Obituary of Kenneth L. Ingham, Jr.
Kenneth LeRoy Ingham, Jr., was born in West Palm Beach, Florida, on December 6th, 1937. Japan was just gearing up its war machine, the first animated movie, Snow White, was released, Howard Hughes set his transcontinental air record, the first permanent automobile license plates were issued, and steel workers’ wages were raised to $5 per day. It was a different time.
His father, Kenneth Ingham, Sr., and his mother, Eula Mae (Brantley) Ingham, had two children, Ken, and his younger brother, Glenwood Lee, and the family was extremely close. Kenneth Sr. was a plasterer, and the family often lived out of a trailer and moved to wherever he could find work, which took them across the entire United States. This nomadic existence made it hard for Ken and Glenwood to make friends, but it drew them even closer, and they did nearly everything together as they grew up. When Ken was about 10, the two brothers got their first .22 rifles, and loved to go out target shooting. They also fished, rode bikes, and explored together.
One of Ken’s first jobs was working for the telephone company, and he also delivered groceries with his scooter. In 1956, he graduated high school, and in 1957, he joined the Air Force and became an aircraft mechanic. He loved working on planes, and could fix pretty much anything mechanical. In 1960, he met and married Patricia Jane Kirk, while serving in Savannah, Georgia. They were married 42 years. He later also served in Thailand and in the Vietnam War where he was nicknamed “Jack ‘em” by the pilots, because his job was to get the planes ready for action, often lifting them with a hydraulic jack. As his career progressed, one of his proudest moments was when he became crew chief and had his name painted on the side of “his” planes. During the years, he worked on the B-47, C-130, and C-5 planes as part of the Strategic Air Command. He was awarded the Meritorious Service Medal and received letters of commendation from President Jimmy Carter and the Joint Chiefs of Staff. In addition, he held eight other service ribbons recognizing his achievements in the Air Force, including qualifying as expert, the highest level of shooting proficiency in the military. He retired in 1979 holding the rank of Master Sergeant, proudly displaying six stripes.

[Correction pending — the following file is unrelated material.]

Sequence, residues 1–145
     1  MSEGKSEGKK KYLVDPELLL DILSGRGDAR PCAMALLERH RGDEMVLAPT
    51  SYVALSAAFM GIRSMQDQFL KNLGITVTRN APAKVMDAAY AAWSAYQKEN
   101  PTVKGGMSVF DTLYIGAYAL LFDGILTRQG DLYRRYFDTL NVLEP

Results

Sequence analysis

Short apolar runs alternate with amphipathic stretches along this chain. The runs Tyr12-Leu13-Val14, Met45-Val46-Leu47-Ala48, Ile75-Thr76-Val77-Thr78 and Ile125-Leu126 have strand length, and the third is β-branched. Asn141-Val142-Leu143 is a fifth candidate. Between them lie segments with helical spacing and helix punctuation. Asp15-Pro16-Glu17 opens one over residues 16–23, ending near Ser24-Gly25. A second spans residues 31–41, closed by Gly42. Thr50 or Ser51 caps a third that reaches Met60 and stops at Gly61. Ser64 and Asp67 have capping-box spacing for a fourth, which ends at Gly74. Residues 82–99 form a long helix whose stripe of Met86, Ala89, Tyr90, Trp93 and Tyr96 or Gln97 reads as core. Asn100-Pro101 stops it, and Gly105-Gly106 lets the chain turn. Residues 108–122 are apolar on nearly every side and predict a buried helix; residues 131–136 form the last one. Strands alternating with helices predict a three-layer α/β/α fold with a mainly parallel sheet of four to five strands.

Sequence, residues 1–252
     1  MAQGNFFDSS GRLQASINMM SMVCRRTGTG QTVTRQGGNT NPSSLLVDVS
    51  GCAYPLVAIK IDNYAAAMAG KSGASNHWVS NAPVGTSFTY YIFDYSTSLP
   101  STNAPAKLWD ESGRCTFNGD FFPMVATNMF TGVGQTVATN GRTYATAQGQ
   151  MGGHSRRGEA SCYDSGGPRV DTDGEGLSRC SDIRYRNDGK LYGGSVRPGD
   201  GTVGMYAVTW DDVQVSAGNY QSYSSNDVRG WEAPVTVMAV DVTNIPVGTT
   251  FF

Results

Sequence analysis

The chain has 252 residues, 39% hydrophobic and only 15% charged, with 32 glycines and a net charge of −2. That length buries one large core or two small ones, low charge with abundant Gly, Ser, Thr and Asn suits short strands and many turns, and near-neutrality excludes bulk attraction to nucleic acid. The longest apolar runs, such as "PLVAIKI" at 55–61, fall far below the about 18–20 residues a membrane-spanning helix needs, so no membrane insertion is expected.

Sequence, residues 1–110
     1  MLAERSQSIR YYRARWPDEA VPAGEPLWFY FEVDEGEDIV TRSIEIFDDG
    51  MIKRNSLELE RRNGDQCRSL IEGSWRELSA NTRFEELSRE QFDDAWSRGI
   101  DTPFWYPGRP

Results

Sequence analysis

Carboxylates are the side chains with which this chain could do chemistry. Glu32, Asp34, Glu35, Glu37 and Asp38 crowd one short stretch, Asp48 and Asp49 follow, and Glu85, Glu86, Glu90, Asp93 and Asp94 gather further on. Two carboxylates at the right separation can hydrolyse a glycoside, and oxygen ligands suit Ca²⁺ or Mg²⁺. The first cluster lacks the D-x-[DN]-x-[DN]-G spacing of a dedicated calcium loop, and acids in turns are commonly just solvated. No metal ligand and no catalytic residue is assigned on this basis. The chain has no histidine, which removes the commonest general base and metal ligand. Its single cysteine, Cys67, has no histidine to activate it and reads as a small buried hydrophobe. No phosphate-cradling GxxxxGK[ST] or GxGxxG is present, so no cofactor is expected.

Ken and Jane had three children, Kenneth III, born in 1962, Kathleen, born in 1967, and David, born in 1969. Throughout his life, Ken loved airplanes, and he took his family to air shows or to see airplanes whenever they could. They also took a yearly car trip to visit relatives, no matter where they were stationed. Over the years, the family also worked with rocks to make jewelry and took up archery and target shooting. Later in life, Ken also enjoyed gardening, especially pineapples, feeding birds and other wild animals, and his much beloved M-1 Garand rifle. He listened to country music, and especially appreciated Johnny Cash, Marty Robbins, and the Statler Brothers.
Throughout his life, the strong family values Ken learned as a child were exhibited to his growing clan. He attended countless band concerts, award ceremonies, church activities, and family outings, and instilled in them a love of travel, the great outdoors, and caring about others. He never raised his voice, but always had a calm demeanor, regardless of the circumstances, and he leaned on his Christian faith through good times and bad. When Jane got sick with kidney disease, he nursed her, cared for her needs, and never left her side, having carried her through seven years of dialysis.
He was blessed to have found love twice. After Jane died, he met and married Pat Jensen in 2004. In the process and late in life, he gained two more children and added another grandchild to the eight he had through his daughter and son-in-law. There was always room at his table for more family and his famous Louisiana recipe waffles. He continued to invent things in his backyard shop and supported Pat in her many creative endeavors. He also took up the banjo, and loved to sing along to country music or TV commercials in his rich baritone voice. After Pat’s death in 2020, he moved to New York where he lived for a year with his stepdaughter before moving into senior care near her home. He continued to work with his many tools for several years.
It was always clear from his actions that family was his highest priority. Though never a wealthy man, the love he shared for others made him one of the richest men in history. He would always give of his time and talent to help.
He died August 22, 2023, in Guilderland, NY, with his stepdaughter Donna holding his hand and under the kind care of the staff at Our Lady of Mercy Life Center, where he was treasured for his wit and charm. He is buried with other veterans at the Gerald B.H. Solomon Saratoga National Cemetery in Schuylerville, NY.
He is survived by two sons, Kenneth L. Ingham III (Diana) and David Kirk Ingham (both of Albuquerque NM) a daughter, Kathleen Ingham Tailer (Jim) of Crawfordville FL, and grandchildren Bethany Pelts (Daniel), and James, Keandra, Jessica, Nathan, Anna, and Megan, all Tailers. He had six great grandchildren. He will also be greatly missed by his stepchildren Donna Liewer Cohen and Robert Charles Dwigans, both of Delmar NY, and grandson Christopher David Liewer.
Ken is preceded in death by his parents, brother, and grandson Joshua Tailer.
Interment with full military honors will be Friday, September 1, 2023 at 1:00pm at the Gerald B.H. Solomon Saratoga National Cemetery, 200 Duell Rd. Schuylerville. Relatives and friends should arrive and gather at the cemetery welcome center no later than 12:50.
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